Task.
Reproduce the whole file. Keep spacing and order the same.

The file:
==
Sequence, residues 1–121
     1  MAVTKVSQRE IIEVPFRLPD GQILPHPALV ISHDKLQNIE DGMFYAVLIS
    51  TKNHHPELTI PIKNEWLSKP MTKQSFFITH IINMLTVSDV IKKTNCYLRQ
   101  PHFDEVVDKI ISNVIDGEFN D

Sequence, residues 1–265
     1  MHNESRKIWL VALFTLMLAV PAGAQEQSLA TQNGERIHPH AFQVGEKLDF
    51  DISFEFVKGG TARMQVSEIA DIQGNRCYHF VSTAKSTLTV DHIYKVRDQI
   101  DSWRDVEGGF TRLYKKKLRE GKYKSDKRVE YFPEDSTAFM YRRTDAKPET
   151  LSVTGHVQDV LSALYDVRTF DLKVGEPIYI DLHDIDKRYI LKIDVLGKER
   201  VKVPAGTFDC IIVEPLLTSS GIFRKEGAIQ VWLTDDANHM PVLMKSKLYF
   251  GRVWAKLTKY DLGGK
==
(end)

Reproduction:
Sequence, residues 1–121
     1  MAVTKVSQRE IIEVPFRLPD GQILPHPALV ISHDKLQNIE DGMFYAVLIS
    51  TKNHHPELTI PIKNEWLSKP MTKQSFFITH IINMLTVSDV IKKTNCYLRQ
   101  PHFDEVVDKI ISNVIDGEFN D

Sequence, residues 1–265
     1  MHNESRKIWL VALFTLMLAV PAGAQEQSLA TQNGERIHPH AFQVGEKLDF
    51  DISFEFVKGG TARMQVSEIA DIQGNRCYHF VSTAKSTLTV DHIYKVRDQI
   101  DSWRDVEGGF TRLYKKKLRE GKYKSDKRVE YFPEDSTAFM YRRTDAKPET
   151  LSVTGHVQDV LSALYDVRTF DLKVGEPIYI DLHDIDKRYI LKIDVLGKER
   201  VKVPAGTFDC IIVEPLLTSS GIFRKEGAIQ VWLTDDANHM PVLMKSKLYF
   251  GRVWAKLTKY DLGGK